Typewriters suck. Yet we're infinitely richer for those irritating machines
The invention of backspace made us all better off. Right?
Worstall on Wednesday One of the things we greybeards have a seriously difficult time getting over to the youngsters is quite how much life sucked back in the old days. It's easy enough to look at the bald economic statistics and see that incomes haven't moved up much (for the UK) or even at all (for the US) in recent decades.
Yet when anyone who has been an adult for a few decades thinks back to those days of their childhood, it is simply quite obviously not true that the average lifestyle hasn't improved.
A standard part of a middle class British lifestyle in the 1960s would be ice forming on the inside of the bedroom window overnight. Anyone keeping a house that cold these days would be accused of child abuse: they're most certainly defined as being in fuel poverty.
At which point I find that I really like OverType, a typewriter simulator. Yes, yes, I know there's many of them about but this one seems to manage to pack in most of the real frustrations of having to use a mechanical typewriter. You can't press two keys at the same time (mechanical keyboards would jam) or even press them too quickly. It randomly runs out of ribbon, there's no set line length, and there's definitely no kerning, which all of these programs imitate.
But the one single feature of a computer keyboard which a modern typist will miss most is the backspace button. On a typewriter this didn't erase your errors, it just took you back so you could type over them again.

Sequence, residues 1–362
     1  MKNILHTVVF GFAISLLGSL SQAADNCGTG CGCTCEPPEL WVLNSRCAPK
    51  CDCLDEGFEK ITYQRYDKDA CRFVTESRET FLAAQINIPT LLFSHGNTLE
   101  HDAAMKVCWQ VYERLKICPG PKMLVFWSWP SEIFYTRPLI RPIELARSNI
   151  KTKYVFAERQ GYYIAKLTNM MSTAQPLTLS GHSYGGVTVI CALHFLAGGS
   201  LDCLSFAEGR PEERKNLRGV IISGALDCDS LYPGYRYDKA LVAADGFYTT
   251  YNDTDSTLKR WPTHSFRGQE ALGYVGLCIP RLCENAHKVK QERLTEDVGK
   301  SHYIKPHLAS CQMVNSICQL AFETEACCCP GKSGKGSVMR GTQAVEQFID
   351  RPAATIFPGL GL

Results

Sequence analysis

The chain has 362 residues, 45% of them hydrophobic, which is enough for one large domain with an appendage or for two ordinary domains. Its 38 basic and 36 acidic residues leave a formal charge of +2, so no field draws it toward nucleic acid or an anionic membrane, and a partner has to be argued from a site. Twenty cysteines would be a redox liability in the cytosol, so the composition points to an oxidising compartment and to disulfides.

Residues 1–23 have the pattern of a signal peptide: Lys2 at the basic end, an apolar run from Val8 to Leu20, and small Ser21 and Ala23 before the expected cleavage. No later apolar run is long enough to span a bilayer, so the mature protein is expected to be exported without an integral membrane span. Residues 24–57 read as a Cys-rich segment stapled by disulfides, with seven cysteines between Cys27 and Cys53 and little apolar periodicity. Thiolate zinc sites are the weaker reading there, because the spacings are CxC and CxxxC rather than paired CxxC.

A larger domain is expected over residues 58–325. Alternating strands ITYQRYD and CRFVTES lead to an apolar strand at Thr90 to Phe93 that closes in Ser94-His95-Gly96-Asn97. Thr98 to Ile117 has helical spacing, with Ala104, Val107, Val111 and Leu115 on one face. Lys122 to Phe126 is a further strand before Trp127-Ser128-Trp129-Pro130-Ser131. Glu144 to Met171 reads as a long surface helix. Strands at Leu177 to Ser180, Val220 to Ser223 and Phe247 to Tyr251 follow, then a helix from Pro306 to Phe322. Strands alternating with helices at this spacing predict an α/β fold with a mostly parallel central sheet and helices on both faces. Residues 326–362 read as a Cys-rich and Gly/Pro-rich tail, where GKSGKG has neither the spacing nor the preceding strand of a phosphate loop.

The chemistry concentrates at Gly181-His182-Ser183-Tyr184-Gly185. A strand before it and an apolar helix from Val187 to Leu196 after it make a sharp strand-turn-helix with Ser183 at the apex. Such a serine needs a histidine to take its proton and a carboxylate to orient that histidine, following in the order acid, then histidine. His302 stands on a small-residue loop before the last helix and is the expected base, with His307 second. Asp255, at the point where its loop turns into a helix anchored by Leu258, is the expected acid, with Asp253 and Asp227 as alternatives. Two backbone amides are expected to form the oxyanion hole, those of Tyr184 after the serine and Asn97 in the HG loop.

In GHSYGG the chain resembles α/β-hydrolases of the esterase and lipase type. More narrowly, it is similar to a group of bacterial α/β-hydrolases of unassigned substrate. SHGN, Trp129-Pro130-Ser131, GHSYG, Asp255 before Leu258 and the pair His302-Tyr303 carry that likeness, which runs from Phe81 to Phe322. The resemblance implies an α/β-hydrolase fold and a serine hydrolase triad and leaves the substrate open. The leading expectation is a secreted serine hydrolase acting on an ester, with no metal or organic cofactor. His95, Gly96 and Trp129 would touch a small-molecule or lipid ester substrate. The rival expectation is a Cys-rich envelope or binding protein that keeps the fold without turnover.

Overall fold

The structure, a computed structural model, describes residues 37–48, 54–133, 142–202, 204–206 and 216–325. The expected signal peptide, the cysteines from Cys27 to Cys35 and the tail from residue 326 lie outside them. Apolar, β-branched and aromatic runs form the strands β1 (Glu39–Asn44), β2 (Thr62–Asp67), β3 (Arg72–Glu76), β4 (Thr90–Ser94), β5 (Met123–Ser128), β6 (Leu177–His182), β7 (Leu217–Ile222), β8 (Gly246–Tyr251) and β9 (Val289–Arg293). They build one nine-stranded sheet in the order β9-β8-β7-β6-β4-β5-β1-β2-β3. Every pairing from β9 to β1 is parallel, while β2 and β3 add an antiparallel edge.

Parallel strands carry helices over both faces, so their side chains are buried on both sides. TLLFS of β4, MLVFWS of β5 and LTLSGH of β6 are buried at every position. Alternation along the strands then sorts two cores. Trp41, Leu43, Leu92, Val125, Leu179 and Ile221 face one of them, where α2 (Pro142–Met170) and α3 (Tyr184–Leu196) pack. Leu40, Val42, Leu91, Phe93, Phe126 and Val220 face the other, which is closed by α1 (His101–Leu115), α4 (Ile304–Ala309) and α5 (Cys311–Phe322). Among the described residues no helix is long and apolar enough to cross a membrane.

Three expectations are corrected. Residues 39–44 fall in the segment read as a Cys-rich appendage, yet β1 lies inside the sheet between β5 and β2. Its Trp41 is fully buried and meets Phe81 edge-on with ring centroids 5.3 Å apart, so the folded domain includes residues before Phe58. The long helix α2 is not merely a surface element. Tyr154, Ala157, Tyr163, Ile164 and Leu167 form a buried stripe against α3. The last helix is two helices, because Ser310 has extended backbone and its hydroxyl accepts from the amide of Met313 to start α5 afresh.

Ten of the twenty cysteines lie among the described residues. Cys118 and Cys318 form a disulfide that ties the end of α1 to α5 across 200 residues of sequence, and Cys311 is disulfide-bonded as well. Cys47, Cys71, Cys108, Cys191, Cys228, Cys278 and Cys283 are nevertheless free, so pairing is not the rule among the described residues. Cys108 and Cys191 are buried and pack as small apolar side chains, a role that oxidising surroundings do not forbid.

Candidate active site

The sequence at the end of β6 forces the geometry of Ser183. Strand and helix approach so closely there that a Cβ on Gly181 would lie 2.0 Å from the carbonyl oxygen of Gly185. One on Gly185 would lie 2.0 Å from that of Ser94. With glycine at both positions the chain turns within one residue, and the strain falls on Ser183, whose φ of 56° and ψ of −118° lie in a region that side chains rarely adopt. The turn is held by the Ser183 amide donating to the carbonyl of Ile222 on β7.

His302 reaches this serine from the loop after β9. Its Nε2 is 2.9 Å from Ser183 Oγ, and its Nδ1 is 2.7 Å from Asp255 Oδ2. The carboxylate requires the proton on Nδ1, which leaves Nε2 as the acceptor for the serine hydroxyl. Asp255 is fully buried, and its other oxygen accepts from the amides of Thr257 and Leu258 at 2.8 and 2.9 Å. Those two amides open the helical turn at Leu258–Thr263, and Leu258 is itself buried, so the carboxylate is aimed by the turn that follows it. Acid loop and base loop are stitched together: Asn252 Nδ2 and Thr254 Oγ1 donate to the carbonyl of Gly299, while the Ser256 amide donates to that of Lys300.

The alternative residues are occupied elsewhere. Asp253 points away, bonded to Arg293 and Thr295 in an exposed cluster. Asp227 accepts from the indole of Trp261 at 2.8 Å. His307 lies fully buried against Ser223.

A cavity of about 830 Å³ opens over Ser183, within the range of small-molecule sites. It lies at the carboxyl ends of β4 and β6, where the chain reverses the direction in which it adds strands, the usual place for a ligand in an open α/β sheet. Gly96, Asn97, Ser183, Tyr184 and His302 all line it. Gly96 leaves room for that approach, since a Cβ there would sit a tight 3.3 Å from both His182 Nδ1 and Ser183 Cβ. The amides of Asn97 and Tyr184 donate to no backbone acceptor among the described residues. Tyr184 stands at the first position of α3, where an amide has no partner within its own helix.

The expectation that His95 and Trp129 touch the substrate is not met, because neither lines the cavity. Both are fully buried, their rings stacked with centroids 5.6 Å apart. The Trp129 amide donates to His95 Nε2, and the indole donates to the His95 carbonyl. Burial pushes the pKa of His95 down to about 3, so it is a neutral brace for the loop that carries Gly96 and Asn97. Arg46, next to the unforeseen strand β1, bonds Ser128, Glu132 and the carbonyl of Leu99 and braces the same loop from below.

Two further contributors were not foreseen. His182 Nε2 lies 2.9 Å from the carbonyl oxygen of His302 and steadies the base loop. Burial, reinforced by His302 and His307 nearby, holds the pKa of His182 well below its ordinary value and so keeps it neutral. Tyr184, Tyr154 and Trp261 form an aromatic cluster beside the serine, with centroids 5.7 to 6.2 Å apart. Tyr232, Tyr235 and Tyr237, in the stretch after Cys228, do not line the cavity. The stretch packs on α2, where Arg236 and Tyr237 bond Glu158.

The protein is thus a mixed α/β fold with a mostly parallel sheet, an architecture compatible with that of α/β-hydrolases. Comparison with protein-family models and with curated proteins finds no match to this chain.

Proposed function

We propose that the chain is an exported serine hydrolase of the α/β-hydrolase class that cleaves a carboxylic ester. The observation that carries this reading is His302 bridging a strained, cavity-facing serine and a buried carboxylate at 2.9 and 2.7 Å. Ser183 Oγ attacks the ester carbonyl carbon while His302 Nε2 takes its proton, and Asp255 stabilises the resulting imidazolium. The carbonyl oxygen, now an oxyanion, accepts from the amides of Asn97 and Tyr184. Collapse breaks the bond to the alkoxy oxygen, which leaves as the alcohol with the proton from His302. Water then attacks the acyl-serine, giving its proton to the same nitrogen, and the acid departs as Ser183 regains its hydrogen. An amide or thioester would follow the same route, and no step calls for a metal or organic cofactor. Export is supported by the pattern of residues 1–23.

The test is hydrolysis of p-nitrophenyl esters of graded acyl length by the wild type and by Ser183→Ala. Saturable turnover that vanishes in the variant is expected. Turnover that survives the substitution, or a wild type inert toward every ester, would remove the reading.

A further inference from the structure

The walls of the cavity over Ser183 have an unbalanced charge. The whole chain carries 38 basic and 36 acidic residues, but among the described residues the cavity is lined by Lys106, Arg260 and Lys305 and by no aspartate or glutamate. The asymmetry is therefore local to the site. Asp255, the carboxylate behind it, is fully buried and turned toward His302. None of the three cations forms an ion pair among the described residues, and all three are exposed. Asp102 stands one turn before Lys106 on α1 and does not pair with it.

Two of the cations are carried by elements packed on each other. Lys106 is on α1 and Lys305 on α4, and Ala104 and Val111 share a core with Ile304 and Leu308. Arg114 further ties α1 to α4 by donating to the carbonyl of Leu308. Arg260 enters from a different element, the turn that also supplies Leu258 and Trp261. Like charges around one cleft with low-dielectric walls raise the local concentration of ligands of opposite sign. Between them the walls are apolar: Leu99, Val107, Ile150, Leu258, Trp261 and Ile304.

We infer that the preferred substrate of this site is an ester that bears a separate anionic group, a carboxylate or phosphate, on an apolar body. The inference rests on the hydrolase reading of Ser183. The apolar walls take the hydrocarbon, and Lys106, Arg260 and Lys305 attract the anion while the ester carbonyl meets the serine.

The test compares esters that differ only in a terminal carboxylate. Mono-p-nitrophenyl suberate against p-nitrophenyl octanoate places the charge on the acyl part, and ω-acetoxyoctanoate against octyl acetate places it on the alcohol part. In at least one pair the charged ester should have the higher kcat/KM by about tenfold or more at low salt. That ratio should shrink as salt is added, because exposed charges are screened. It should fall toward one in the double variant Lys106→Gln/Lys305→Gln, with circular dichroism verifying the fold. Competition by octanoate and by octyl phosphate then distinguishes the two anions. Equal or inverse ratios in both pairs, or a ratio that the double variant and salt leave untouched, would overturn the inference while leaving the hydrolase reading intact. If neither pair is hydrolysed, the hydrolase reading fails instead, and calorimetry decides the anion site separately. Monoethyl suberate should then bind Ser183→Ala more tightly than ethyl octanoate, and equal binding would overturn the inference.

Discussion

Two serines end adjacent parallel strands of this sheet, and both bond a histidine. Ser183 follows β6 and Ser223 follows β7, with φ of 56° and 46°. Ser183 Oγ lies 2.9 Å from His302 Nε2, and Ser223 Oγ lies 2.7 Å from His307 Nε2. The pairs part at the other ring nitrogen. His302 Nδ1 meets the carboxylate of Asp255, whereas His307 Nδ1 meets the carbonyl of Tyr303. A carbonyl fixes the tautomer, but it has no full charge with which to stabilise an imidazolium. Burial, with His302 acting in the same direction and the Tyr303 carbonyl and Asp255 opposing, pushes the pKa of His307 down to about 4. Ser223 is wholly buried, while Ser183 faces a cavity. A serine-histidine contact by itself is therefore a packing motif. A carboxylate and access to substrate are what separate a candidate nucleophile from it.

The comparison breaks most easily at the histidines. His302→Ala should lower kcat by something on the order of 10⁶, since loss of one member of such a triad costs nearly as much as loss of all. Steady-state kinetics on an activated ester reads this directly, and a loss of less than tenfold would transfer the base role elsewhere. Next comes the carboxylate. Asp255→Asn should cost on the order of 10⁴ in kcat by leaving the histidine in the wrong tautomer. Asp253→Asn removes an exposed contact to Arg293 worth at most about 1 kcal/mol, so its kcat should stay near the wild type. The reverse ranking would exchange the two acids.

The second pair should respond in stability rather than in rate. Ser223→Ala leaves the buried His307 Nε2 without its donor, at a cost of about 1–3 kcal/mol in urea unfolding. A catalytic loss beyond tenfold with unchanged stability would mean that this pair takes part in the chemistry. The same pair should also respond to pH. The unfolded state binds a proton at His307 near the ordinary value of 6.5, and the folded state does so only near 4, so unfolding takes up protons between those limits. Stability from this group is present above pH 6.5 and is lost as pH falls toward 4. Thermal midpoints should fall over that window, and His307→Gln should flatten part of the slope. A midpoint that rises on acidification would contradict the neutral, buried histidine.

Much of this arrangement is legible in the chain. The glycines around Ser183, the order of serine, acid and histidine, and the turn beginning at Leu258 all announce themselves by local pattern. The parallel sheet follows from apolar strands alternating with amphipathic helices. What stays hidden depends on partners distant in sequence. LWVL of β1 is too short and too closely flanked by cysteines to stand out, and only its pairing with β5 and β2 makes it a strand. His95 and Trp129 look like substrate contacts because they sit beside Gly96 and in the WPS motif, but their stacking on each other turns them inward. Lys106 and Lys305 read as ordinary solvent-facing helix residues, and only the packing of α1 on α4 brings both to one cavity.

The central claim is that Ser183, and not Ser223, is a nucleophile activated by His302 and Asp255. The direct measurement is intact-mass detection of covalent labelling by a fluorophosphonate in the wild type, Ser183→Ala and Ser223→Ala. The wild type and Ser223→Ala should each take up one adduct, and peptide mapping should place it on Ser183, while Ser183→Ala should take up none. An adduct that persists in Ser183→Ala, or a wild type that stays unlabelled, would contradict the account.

All in all, it's a rather fun reminder of just how bad things were (OK, not bad, just less good than now). And there's two eonomic points that flow from this fairly trivial observation.
The first is that we do try to include the benefits of these sorts of things in our inflation numbers. We use something called “hedonic adjustment” to try to deal with the increasing quality of things over time. There's a statistician somewhere who tries to work out how much better a quad-core Intelwhatevergenerationwe'reatnow is than an i486 was. Using the resulting numbers, the stats bods then adjust the inflation numbers to show that while computers have got cheaper, they've also got vastly better.
Of course, our incomes have changed over this time in nominal terms: even the worst of the general claims is that they've not risen in real terms while keeping pace with inflation in nominal terms. But if the inflation rate is lower, because of those hedonic improvements, then our incomes have, in fact, risen.
The general suspicion within the economics profession is that those hedonic improvements haven't been quite captured properly; that incomes are higher than the basic numbers show them to be and that incomes have in fact advanced. But that then just sends the catfight one more iteration away, to how much better?